That was when I realized: art could put a knife to your throat and demand a response.
Me: golden, Katie: artist, Steve: ghost. He was the oldest, taller than our father, but took up almost no space, asked for nothing, was remote as a memory you’d repressed. When he was in high school, I’d watch him as he watched TV in his room—Jackie Chan, WWF—reassuring myself that he was there. He’d smile at me, a hesitant smile, but say nothing. I did not know if I were welcome to come in, so I did not. Then I would feel embarrassed to stare, and leave him to himself.
Prison happened like this: he’d graduated from high school in Tucson, where we lived at the time, with no plans for his next step. Our parents had told him he needed to support himself, and he’d gotten an apartment, a job. He lived ten minutes away, but did not come home for dinner or weekends or laundry. But when our father started a floor-covering supply and installation business in San Diego with our uncle, he invited Steve to join him. We would follow six months later.
After a while, Steve began to show up late for work, or not at all. He stayed out late partying with our cousin. Then he disappeared for a few months. When he next called, he was in jail back in Tucson, awaiting trial for stealing cars with some friends.
Mom told me the news as she reversed out of our driveway on the way to my ballet lesson. “And what are we going to tell people?” she asked. Her nose had turned red, like it always did when she was about to cry.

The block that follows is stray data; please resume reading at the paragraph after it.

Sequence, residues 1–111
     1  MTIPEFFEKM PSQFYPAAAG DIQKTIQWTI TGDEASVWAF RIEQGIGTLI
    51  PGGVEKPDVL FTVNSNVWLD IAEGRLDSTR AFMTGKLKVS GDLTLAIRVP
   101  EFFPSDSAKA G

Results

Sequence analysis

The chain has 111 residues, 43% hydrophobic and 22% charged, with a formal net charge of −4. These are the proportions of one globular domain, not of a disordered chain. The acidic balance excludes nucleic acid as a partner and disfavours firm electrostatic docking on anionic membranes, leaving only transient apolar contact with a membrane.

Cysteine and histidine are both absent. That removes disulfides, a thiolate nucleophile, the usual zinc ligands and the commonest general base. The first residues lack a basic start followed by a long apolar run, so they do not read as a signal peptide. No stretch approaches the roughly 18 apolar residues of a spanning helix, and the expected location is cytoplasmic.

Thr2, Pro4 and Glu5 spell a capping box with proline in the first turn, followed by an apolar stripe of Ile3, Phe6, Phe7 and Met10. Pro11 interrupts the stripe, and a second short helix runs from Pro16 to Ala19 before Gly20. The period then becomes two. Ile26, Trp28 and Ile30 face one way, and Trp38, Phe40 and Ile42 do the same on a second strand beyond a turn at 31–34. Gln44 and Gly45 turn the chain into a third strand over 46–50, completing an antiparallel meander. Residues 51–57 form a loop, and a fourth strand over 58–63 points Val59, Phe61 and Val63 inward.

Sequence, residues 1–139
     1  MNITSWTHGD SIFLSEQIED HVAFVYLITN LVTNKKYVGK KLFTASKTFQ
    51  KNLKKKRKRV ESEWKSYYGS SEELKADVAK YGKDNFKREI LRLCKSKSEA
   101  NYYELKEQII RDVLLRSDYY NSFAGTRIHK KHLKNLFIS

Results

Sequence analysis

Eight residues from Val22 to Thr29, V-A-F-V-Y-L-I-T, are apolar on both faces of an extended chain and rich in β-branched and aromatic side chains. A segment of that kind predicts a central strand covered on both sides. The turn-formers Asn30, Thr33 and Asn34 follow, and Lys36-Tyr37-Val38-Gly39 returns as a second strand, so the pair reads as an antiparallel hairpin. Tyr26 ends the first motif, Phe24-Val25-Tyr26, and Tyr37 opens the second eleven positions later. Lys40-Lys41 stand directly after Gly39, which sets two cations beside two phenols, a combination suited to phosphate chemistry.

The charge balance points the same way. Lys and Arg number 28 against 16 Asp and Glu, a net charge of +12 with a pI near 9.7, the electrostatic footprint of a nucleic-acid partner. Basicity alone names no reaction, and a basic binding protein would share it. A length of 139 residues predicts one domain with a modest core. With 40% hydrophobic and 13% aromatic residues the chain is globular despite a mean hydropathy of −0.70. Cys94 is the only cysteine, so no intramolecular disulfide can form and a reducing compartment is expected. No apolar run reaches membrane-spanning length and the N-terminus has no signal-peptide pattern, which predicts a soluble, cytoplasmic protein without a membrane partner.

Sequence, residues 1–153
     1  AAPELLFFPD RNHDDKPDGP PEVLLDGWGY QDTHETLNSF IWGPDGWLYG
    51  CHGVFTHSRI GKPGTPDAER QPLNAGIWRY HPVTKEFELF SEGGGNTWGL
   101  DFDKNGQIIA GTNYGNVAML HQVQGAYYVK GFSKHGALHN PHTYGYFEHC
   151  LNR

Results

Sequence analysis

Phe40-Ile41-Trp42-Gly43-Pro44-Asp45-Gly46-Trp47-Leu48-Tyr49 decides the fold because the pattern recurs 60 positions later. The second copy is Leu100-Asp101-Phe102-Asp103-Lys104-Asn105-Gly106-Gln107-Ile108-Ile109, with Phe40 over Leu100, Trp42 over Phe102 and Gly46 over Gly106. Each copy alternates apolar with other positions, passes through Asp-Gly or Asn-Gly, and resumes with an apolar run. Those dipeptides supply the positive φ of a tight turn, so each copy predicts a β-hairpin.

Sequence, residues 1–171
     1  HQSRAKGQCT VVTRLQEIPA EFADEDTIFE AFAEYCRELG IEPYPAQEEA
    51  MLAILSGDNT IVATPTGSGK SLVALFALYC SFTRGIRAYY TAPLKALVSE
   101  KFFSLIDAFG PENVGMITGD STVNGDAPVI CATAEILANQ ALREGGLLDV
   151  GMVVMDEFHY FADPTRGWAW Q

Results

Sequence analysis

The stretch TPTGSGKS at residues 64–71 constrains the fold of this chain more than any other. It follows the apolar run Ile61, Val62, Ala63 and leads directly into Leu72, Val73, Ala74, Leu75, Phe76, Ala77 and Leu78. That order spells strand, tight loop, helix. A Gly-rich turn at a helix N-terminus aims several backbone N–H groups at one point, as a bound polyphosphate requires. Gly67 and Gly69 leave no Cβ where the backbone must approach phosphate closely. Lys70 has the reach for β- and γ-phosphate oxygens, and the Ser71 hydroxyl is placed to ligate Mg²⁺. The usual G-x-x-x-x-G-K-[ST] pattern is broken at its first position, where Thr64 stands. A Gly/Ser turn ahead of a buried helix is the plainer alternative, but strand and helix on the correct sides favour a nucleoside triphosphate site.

When Mom and I returned from dance, Dad was home. I asked him if we would visit Steve. He sighed. “I can’t say I want to go see him there,” he said. “I can’t say I want you to see him there either.”
We could not say. We did not go.
Steve was in prison for three years. Very rarely, Mom would relay news to me. He had been in solitary confinement to protect him after a race riot. He might qualify for an early-release boot camp. It was like hearing plot points of a movie I was not old enough to watch.
That year, I began stealing Katie’s ideas. Bored one night, I took a piece of graph paper and drew an amoebic blob. I tilted it, one way, then another, and all of a sudden, like those Magic Eye drawings that would soon be popular, I could see the faces.
Hesitantly at first, I shaded the curves, erased lines and added new ones, drew eyes, fleshy lips, broken noses, until grotesque faces stared back at me.
I hid the paper in a notebook, so Katie would not see.
I began practicing making heads obsessively. I had a technique: close my eyes, draw a swirling line, then wait for inspiration. Was this what Katie did, too? I did not dare to ask.